Acceptance of Science and Reason In Presidential Candidates–John McCain and the Discovery Institute

The differences between the political parties in their views of science has become of increasing significance in recent years. One reason for the failure of Republican government in recent years has been their separation from reality. We saw this in their claims about WMD and ties between Saddam and al Qaeda to justify the Iraq War. We see conservatives opposing the consensus of scientific belief on evolution, cosmology, geology (if it disagrees with their ideas on the age of the earth), and climate change. You cannot devise workable public policy when ideology prevents a rational review of the facts.

John McCain’s talk before the Discovery Institute, the organization responsible for many of those nonsense conservative talking points against evolution, has emphasized the anti-science bias prevalent in the Republican Party. Shelley Batts discusses the relationship between presidential candidates and the company they seek among those hostile to science:

It is of the utmost importance that a president, or future preseident, have rational thinking and reasoning skills as well as a firm grasp over what constitutes scientific evidence in the formulation of theories. A president makes crucial decisions every day which impact the lives of millions of people. The election of a person who demonstrates an inability to assimilate facts and observations in a way that makes sense, but rather defaults to an emotional mythology, would be a grave mistake. Therefore, not only is it beyond reproach for the “intelligent liberal community” to impose a requirement of rationality on a future president, it would be ludicrous to do otherwise. Yes, I believe that influential people who cannot use their power in a coherant, scientifically-supportable way merits contempt.

Whether or not John McCain really believes in intelligent design, who’s to say? I tend to think he doesn’t, and this talk is just another panderfest to the conservative right. The problem is, in a presidential election, guilt-by-association is a very real thing. The reason for this is that there are no accidental appearances; every minute of McCain’s time from now until election day will be carefully planned, weighed, pondered over, and scrutinized by his team for maximum effect. This talk hosted by the DI, while not specifically admitting to agree with intelligent design, was also no accident. And the fact that a DI luncheon was an attractive place to spend his time in his quest to develop his image and become president, reveals that the image that HE wants to mold is very, very far from the image of the president I would elect.

Presidental hopefuls keep a keen eye out for oppertunities to ingratiate themselves with certain factions (McCain, as with any other). McCain had a oppertunity to associate himself with a pro-ID organization or, not to. He chose to do it. I hope it was worth it.

Regardless of whether they know better themselves, the Republican candidates find it necessary to align themselves with those who oppose science. Regardless of where one stands on specific issues, we are increasingly seeing the choice as being one political party which accepts facts over ideology, and therefore is more likely to promote pragmatic solutions to problems, and another which is tied to extremists who are willing to ignore all scientific and other evidence which contradicts their beliefs. As long as the Republican Party remains captive to those who share the views of organizations such as The Discovery Institute they will not be capable of governing.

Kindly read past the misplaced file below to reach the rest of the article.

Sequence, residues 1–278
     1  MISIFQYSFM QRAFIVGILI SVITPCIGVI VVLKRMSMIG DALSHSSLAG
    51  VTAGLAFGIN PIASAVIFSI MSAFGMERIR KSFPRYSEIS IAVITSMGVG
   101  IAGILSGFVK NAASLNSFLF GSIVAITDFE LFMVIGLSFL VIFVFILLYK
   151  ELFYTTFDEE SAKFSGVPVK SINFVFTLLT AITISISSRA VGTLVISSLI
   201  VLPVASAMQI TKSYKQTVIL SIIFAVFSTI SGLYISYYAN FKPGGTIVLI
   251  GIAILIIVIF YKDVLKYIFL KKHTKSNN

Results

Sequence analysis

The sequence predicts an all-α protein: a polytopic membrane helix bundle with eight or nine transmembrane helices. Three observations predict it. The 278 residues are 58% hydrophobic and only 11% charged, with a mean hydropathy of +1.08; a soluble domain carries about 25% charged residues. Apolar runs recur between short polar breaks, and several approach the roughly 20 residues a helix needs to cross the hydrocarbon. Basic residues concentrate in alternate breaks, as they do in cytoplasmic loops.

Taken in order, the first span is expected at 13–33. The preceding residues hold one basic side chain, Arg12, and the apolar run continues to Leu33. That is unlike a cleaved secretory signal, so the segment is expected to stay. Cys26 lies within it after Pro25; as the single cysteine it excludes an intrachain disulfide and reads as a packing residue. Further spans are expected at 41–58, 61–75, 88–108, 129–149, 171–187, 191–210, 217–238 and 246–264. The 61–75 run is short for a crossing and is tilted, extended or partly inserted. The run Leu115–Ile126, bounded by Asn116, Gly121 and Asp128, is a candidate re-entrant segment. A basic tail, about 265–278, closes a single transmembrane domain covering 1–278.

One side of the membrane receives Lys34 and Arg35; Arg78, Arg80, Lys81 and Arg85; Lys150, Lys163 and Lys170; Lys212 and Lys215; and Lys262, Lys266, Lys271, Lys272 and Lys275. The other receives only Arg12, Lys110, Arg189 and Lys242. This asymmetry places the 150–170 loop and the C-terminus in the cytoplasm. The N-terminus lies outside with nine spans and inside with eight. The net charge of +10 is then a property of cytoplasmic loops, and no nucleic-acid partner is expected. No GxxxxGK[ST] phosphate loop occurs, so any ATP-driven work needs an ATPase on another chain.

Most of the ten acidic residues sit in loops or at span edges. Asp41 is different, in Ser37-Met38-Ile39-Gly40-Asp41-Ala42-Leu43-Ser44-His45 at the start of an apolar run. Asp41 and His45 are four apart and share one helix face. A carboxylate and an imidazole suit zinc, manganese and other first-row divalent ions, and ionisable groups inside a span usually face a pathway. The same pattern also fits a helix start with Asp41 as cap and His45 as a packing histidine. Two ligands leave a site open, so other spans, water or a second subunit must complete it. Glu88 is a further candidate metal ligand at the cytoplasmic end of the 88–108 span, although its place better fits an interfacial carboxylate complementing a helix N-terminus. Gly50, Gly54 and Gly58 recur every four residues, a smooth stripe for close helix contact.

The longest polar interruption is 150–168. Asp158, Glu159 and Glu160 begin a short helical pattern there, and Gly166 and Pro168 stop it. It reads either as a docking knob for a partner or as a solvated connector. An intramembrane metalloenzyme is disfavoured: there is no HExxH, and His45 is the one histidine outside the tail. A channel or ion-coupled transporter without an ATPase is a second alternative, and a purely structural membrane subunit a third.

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  1. 1
    birdman says:

    I could not agree more. All the cons who talk about what a great country we are, blah blah, need to remember tha becoming a backwards country of brainwashed idiots is no way to remain a leading nation great strength, innovationin technology and otherwise, will not continue if we abandon science and critical thinking. the christian right is a grave threat to this nation because of their embrace of enforced idiocy.

  2. 2
    Ron Chusid says:

    Their policies sure do contradict their talk of what a great country this is as they ignore what made the country great.

    It has become almost a cliche to ask what it is the conservatives want to “conserve.” Science is part of our national heritage with many scientific advances of the last couple of centuries coming from the United States. Similarly separation of church and state is part of our heritage–previously strongly supported by many religious groups who realized that separation of church and state is essential to preserve their freedom to worship as they desire.

  3. 3
    HighPlainsJoker says:

    Quick question:
    Why is it that neocons demand scientific proof that humans contribute significantly to global warming but do not demand the same level of proof for the existence of god? Just wondering.

  4. 4
    Ron Chusid says:

    It’s worse than that. In the past they might have gotten away with claiming that human contribution to global warming isn’t proven. Now it is the consensus of the scientifc community. (Actually it has been for a while, but now we have the official concensus statements.)

    If they won’t accept a consensus statement it suggests that they are unwilling to consider any degree of scientific proof. Their objections to global warming are not based upon science but upon faith.

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